update11-30.04.2011.zip
(553.92 KiB) Downloaded 167 times


Happy bricking


Russell


Simple Fusebit Doctor.PNG
Simple Fusebit Doctor.PNG (101.92 KiB) Viewed 1393 times
Last edited by Russell 27 on Thu Feb 06, 2014 1:16 pm, edited 3 times in total.
Russell 27
 
Posts: 240
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Re: Unbrick that ICE TUBE YO, Doctor is in

by jarchie on Thu Nov 07, 2013 5:39 pm

Awesome work! I will definitely give this a go when I have some free time.
--John <www.jarchie.com/email>

jarchie
 
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Location: Santa Cruz, California, United States

Re: Unbrick that ICE TUBE ATmega, Doctor is in

by Russell 27 on Tue Feb 04, 2014 4:11 pm

update:
To anyone who had interest in the original post, I finally finished my permanent version, well almost. An etched board is nice, but this will do.

Fusebit Doctor.png
Fusebit Doctor.png (558.92 KiB) Viewed 1184 times


The FUSEBIT DOCTOR also has the ability to send information via UART, and can communicate via your computer so you can not only see what's going on, but visually choose what operations you want to do. This was my first en devour here with UART, so I thought I would pass this on to others in my place. You need some kind of TERMINAL to interface to. I tried several, TERMITE, HyperTerminal, BASCOM-AVR terminal. Termite is totally free ware and can be used on the fly, nice. HyperTerminal is really nice too. I'm not an Arduino man but I believe there is a terminal there also. Correct Baud rate is a must, set incorrectly all I got was unreadable characters. If your computer has an RS-232 connector you're all set, not many do these days. There are some RS-232 adapters out there, ADAFRUIT has the FTDI friend. I found a simple USB to UART converter made with the ATtiny 2313. It took a little tweaking, but I posted the working circuit I used. I'm still using windows XP, and I put the driver, .hex and circuit in the zip. I put in some alternate drivers as well. You will need to install the correct driver to interface with your computer. Some other information on the design can be found here:http://www.recursion.jp/avrcdc/.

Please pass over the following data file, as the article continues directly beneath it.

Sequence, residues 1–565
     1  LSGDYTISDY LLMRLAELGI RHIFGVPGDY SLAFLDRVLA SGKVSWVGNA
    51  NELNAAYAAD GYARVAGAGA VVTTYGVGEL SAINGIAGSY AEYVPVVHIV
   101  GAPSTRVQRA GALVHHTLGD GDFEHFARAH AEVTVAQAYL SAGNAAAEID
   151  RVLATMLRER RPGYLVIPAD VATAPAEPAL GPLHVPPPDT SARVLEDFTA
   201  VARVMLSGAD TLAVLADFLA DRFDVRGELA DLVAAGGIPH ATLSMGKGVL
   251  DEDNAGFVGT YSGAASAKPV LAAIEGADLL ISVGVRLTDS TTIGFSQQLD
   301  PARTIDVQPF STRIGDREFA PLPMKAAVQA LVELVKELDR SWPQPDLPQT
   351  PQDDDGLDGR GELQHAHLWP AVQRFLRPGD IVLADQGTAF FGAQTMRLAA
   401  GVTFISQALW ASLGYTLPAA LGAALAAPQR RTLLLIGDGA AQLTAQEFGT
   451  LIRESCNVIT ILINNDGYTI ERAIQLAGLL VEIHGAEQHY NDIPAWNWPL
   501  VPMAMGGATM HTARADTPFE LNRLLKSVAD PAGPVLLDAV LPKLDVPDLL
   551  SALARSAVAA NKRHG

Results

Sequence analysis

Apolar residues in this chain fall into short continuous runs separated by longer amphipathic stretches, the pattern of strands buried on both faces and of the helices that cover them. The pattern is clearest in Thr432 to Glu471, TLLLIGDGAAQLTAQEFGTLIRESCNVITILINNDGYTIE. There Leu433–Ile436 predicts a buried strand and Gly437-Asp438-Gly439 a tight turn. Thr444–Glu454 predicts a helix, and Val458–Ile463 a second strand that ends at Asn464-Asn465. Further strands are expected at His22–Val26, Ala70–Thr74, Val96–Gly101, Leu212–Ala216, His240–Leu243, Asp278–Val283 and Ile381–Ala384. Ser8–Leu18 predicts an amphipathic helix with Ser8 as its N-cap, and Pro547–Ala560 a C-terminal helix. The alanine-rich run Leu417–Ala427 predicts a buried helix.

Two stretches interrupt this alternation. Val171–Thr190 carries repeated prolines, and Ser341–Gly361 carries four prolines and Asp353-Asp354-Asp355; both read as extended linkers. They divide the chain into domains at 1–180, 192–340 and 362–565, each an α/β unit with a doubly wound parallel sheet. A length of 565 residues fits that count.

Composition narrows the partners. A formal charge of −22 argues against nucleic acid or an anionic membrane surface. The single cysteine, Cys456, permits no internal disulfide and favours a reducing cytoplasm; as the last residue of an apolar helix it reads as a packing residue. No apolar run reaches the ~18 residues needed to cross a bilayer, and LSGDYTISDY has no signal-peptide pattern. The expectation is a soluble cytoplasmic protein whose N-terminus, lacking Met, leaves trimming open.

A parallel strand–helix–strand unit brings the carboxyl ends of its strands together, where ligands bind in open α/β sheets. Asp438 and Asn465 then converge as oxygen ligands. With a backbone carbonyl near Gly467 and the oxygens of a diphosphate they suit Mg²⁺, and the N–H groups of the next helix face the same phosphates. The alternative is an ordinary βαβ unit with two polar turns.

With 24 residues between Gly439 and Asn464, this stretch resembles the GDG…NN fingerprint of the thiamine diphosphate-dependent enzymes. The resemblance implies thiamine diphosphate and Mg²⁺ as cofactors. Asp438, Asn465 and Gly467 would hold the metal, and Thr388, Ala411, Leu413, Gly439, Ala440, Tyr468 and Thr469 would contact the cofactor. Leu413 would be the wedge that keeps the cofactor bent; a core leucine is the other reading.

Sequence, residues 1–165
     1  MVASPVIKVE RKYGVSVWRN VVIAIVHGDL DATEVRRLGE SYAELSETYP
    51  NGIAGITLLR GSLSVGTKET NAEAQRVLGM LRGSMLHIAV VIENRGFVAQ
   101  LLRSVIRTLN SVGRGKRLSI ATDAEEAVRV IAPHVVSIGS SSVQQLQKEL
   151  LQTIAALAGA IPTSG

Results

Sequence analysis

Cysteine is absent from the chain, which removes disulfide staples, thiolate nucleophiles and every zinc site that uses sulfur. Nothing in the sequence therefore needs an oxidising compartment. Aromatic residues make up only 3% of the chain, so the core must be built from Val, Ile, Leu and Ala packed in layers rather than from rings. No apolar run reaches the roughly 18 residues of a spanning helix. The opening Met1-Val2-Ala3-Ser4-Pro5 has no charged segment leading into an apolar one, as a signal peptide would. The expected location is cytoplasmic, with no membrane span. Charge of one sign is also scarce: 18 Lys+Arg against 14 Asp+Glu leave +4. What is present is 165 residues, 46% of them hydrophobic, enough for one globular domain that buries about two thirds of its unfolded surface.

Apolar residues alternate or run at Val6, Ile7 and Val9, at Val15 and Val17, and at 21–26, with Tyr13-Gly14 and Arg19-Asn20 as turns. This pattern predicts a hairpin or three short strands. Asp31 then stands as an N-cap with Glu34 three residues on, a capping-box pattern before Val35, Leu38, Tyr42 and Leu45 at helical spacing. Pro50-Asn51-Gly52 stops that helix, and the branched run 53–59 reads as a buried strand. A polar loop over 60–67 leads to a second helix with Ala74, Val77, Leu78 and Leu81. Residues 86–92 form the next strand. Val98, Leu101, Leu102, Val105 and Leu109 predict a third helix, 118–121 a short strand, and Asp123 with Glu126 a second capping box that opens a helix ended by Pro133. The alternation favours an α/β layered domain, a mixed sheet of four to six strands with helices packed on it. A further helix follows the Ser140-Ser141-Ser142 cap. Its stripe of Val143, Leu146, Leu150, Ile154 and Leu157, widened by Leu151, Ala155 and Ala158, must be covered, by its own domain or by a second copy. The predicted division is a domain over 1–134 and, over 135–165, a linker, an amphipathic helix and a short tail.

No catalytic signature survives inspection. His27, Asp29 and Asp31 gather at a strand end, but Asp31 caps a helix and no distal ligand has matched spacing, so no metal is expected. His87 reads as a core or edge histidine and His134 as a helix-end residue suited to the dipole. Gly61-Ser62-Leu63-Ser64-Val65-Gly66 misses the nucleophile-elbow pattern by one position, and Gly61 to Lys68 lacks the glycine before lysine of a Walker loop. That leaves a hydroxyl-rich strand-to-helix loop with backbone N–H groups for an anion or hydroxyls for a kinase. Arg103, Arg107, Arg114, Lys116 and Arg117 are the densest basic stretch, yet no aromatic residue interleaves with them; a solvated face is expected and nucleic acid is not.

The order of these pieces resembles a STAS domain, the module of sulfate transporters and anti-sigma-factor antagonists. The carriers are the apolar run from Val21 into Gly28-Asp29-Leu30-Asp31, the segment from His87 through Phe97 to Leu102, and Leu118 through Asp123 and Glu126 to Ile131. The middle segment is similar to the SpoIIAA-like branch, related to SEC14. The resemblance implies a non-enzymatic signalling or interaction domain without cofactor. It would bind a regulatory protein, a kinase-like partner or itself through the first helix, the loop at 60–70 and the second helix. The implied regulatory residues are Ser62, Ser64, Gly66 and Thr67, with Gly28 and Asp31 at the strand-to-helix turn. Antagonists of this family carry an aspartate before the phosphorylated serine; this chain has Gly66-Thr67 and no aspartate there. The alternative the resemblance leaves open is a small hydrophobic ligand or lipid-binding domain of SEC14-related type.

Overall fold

Basically to connect, converter TXD to Atmega RXD and converter RXD to ATmega TXD, Just remember to connect the TXD transmit pin of each device to corresponding RXD receive pin of the opposite device. Don't forget to connect the grounds together.

UART terminal.png
UART terminal.png (25.14 KiB) Viewed 1184 times


Terminal settings:
baudrate: 4800
parity: none
databits: 8
stopbits: 1
handshake: none


USB to UART converter.png
USB to UART converter.png (33.5 KiB) Viewed 1184 times